Waiting for the tech tsunami to hit SMBs

The online world could well lay waste to the streets of retailers we once knew.
Written by Darren Greenwood, Contributor

Techmageddon hasn't hit our part of the world yet, but the switch to online is certainly slaying some major retailers in the UK.

Commentators are rightfully blaming the switch to digital, with casualties including the Jessops camera chain, HMV record stores, and the UK offshoot of Blockbuster video, a global business that also has Australian and New Zealand operations that are currently unaffected.

Britain's best-selling Sun newspaper has described such failing UK businesses as brutal casualties of the digital revolution.

Though we have yet to see such similar casualties in New Zealand, the technological trends look bleak for such retailers, including in Australia.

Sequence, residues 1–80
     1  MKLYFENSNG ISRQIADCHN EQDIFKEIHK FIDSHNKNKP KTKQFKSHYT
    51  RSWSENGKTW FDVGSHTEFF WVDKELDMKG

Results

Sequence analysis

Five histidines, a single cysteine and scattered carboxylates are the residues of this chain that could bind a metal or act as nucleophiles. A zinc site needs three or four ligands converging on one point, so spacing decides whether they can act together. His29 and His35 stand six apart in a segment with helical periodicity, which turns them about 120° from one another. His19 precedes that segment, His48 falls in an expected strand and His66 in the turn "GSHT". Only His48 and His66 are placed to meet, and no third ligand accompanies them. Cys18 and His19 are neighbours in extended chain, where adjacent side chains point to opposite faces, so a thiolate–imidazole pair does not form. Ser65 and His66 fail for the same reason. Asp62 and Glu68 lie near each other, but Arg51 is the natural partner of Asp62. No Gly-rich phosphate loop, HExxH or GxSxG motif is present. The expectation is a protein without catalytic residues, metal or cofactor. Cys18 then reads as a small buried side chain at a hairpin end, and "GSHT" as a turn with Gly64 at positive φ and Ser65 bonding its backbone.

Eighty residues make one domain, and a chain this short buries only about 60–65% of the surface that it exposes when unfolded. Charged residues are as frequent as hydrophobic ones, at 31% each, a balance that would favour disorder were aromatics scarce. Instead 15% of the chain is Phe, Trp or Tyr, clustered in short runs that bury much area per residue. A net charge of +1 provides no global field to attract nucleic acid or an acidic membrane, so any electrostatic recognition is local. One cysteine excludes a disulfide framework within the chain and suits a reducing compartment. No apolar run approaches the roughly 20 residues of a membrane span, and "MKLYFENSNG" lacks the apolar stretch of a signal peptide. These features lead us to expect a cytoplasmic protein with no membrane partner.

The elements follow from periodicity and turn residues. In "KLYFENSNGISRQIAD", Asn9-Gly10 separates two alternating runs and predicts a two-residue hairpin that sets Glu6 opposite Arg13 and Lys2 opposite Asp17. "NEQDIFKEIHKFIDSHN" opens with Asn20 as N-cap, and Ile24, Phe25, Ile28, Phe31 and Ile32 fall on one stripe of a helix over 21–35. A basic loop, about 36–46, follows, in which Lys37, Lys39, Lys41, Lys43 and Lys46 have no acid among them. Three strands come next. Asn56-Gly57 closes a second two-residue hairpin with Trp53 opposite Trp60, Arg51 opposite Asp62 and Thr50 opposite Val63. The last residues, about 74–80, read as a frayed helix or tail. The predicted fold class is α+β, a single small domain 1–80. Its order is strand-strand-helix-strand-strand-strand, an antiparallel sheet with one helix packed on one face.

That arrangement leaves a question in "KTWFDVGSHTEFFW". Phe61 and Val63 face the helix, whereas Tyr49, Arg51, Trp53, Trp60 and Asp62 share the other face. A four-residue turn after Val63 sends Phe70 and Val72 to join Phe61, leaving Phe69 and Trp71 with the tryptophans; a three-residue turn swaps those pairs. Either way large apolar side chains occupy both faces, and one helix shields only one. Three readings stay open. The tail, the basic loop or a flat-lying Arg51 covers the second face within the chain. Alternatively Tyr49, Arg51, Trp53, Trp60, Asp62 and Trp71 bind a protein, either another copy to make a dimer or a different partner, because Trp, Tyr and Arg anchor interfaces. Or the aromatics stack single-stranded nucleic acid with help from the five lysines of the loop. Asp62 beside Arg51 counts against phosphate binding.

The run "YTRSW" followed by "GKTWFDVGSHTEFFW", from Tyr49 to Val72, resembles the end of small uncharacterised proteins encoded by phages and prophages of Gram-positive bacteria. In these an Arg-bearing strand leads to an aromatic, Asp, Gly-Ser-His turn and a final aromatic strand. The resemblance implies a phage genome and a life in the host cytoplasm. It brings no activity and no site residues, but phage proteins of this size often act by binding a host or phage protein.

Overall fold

Music downloads are all the rage now, with figures released over the holidays confirming how popular this method of purchasing or obtaining music has become.

Pity the poor record retailer, then.

We are likely to see more of this as Spotify and iTunes increase their sales further, and Kim Dotcom launches his various offerings to boost the music and video download market at the expense of traditional retailing.

While New Zealand has such specialist shops like Marbecks and Real Groovy for music, as well as Blockbuster for movies, the mass market is mainly served by only small CD and DVD sections of The Warehouse and similar big box stores.

Though we don't have the specialist iconic retailers like Britain has, the digital revolution looks set to deliver casualties in our malls and high streets, too. If I owned Australia's Ted's Cameras chain, I would be gravely concerned by the shift to digital, as I would if I owned our local Blockbuster and similar outfits.

If anything was needed to confirm this, it was that iconic photo taken recently by the Holmes family in Tasmania, as they took shelter under a pier while "tornadoes of fire" engulfed their home, a horrifying image that was broadcast the world over.

As TV commentators noted, the picture was taken on a smartphone as it was sent all over the world. No camera, camera shop, or film processing was involved in any way.

Editorial standards